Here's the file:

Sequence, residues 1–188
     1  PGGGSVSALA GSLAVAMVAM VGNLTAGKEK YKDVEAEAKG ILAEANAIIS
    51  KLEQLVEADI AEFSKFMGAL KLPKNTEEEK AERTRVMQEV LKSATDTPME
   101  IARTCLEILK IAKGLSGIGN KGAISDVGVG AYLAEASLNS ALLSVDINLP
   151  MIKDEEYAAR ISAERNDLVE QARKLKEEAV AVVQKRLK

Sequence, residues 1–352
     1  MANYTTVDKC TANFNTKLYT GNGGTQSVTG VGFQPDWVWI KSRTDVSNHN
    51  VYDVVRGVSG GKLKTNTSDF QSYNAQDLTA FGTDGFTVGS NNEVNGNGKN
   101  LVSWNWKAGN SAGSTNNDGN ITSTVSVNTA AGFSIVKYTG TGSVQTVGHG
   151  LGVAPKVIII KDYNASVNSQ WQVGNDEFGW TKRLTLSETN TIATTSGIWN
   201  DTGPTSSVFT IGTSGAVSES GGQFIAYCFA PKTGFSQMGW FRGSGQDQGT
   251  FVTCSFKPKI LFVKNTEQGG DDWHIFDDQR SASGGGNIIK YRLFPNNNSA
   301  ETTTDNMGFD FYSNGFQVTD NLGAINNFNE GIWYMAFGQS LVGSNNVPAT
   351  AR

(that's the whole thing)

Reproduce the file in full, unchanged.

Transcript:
Sequence, residues 1–188
     1  PGGGSVSALA GSLAVAMVAM VGNLTAGKEK YKDVEAEAKG ILAEANAIIS
    51  KLEQLVEADI AEFSKFMGAL KLPKNTEEEK AERTRVMQEV LKSATDTPME
   101  IARTCLEILK IAKGLSGIGN KGAISDVGVG AYLAEASLNS ALLSVDINLP
   151  MIKDEEYAAR ISAERNDLVE QARKLKEEAV AVVQKRLK

Sequence, residues 1–352
     1  MANYTTVDKC TANFNTKLYT GNGGTQSVTG VGFQPDWVWI KSRTDVSNHN
    51  VYDVVRGVSG GKLKTNTSDF QSYNAQDLTA FGTDGFTVGS NNEVNGNGKN
   101  LVSWNWKAGN SAGSTNNDGN ITSTVSVNTA AGFSIVKYTG TGSVQTVGHG
   151  LGVAPKVIII KDYNASVNSQ WQVGNDEFGW TKRLTLSETN TIATTSGIWN
   201  DTGPTSSVFT IGTSGAVSES GGQFIAYCFA PKTGFSQMGW FRGSGQDQGT
   251  FVTCSFKPKI LFVKNTEQGG DDWHIFDDQR SASGGGNIIK YRLFPNNNSA
   301  ETTTDNMGFD FYSNGFQVTD NLGAINNFNE GIWYMAFGQS LVGSNNVPAT
   351  AR